This means that hazards can be identified more quickly; countermeasures can be initiated faster, and correlations and anomalies can be analysed more easily to identify root causes. This is important in improving outcomes, not only in post-event analysis, but in real-time through live monitoring.
Another key benefit of this type of digitisation is that it offers opportunities for more efficient asset management, simplifying a range of processes that were previously more complex, and centralising management, whilst decentralising execution.
This makes device management and compliance far more straightforward, as data in relation to operational status, testing and calibration results can be collected and accessed from anywhere, with the ability for analysis to be performed directly. Device updates can also be distributed centrally with ease, notifications can be sent to users, and a complete documentation history for each gas detection device is automatically stored on the connected system.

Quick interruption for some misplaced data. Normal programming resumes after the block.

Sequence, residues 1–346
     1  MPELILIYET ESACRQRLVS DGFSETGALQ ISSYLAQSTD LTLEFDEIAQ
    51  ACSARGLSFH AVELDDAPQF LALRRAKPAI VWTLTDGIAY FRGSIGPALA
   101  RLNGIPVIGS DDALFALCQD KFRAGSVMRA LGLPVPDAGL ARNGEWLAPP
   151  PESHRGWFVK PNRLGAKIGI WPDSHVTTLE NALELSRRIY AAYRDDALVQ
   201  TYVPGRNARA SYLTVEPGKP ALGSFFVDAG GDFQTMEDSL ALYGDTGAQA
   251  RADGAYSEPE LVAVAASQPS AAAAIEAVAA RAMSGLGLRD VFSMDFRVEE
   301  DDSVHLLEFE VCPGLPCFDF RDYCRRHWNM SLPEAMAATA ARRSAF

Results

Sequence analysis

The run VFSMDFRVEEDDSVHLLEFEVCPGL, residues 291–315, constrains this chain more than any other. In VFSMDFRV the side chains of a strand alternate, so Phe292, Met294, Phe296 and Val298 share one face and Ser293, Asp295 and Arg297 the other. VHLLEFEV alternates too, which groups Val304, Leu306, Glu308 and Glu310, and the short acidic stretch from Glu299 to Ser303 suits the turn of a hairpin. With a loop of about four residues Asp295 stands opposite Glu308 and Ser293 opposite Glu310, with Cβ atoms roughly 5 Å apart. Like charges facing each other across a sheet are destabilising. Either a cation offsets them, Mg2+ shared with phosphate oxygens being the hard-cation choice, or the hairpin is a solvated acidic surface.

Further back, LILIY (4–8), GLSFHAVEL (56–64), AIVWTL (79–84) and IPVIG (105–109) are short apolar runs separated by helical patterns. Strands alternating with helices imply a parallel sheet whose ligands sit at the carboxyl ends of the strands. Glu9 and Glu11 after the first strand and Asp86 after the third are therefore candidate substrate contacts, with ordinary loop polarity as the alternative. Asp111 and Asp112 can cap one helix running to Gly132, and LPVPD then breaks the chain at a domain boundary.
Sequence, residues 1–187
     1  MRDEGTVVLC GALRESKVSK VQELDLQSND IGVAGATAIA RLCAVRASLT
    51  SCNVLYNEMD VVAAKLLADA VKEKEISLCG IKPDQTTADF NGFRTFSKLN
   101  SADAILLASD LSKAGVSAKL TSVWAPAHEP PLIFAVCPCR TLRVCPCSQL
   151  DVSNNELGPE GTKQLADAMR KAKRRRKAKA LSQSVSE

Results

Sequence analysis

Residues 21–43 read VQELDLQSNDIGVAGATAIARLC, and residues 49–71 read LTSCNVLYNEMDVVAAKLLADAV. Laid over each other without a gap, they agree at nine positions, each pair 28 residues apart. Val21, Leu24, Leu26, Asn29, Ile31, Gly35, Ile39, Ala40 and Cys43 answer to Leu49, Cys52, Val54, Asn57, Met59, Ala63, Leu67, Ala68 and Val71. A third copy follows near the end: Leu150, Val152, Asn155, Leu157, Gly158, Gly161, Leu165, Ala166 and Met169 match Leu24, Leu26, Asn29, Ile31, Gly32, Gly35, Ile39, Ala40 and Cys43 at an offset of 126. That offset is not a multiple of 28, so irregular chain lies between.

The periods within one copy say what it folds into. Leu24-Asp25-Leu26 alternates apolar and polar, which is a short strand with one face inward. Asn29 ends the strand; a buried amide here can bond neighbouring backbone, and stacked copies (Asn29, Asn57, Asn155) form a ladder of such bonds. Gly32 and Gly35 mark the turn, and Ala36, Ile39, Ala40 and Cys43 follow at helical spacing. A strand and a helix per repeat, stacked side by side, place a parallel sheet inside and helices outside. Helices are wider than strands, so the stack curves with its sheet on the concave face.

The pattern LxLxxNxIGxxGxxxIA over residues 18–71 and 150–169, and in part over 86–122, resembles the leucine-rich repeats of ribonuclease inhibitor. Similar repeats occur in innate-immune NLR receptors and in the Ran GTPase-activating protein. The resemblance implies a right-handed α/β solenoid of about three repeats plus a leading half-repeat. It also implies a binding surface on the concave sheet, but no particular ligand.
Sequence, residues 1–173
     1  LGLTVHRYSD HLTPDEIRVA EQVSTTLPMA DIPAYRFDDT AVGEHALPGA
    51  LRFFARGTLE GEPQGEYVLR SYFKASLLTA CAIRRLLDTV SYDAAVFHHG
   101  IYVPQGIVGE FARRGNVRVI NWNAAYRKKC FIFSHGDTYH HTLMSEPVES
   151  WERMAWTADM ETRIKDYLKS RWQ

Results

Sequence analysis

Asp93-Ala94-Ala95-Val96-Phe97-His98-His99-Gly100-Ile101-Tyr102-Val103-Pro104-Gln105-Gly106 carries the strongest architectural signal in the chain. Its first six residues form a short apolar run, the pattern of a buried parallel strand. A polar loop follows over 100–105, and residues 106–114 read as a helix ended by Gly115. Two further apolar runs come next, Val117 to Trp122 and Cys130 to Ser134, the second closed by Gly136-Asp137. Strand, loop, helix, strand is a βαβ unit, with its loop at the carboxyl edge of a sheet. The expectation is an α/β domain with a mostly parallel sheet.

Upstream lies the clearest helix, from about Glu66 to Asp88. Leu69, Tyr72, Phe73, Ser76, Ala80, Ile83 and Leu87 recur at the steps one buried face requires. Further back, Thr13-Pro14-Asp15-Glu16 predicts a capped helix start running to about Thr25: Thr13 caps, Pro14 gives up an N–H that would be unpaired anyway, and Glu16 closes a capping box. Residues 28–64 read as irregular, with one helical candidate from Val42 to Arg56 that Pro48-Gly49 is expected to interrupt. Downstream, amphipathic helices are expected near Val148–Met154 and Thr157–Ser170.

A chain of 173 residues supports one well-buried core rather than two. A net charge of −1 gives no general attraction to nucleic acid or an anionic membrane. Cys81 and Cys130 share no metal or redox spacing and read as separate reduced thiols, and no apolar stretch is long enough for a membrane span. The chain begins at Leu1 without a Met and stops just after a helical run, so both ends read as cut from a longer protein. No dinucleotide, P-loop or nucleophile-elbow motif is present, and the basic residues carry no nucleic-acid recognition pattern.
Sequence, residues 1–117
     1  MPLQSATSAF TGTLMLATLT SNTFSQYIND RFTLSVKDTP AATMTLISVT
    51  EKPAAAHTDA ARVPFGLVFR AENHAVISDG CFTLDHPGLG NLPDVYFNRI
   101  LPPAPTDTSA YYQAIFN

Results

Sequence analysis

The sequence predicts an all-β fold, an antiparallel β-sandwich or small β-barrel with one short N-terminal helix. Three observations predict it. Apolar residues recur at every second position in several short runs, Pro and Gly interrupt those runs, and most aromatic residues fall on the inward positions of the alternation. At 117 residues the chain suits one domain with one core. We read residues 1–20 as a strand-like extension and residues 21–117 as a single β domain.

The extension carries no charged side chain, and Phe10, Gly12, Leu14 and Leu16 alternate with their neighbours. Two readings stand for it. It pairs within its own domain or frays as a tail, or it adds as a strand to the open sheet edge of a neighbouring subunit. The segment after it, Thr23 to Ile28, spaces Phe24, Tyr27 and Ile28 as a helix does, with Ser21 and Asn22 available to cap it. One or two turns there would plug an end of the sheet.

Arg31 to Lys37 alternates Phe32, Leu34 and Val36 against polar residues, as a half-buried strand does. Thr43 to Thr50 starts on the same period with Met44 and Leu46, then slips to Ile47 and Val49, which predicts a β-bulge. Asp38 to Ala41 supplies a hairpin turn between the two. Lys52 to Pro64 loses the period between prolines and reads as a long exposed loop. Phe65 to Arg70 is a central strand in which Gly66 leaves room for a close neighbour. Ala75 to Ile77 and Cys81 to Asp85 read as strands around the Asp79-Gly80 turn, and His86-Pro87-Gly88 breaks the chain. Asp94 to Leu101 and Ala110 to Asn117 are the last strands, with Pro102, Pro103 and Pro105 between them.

Increased transparency, easier management and reduced potential for human error are key outcomes of such a smart system, leading to significantly improved safety to life, and also cost savings at the same time.
Driving digital innovation
In this example, as with so many others, Covid has served as a catalyst to drive digital innovation, with changes to working styles prompting an urgent need for remotely accessible real-time safety data. At the same time, pressures on budgets across the water sector mean that any new safety solutions or technology must be able to prove itself financially.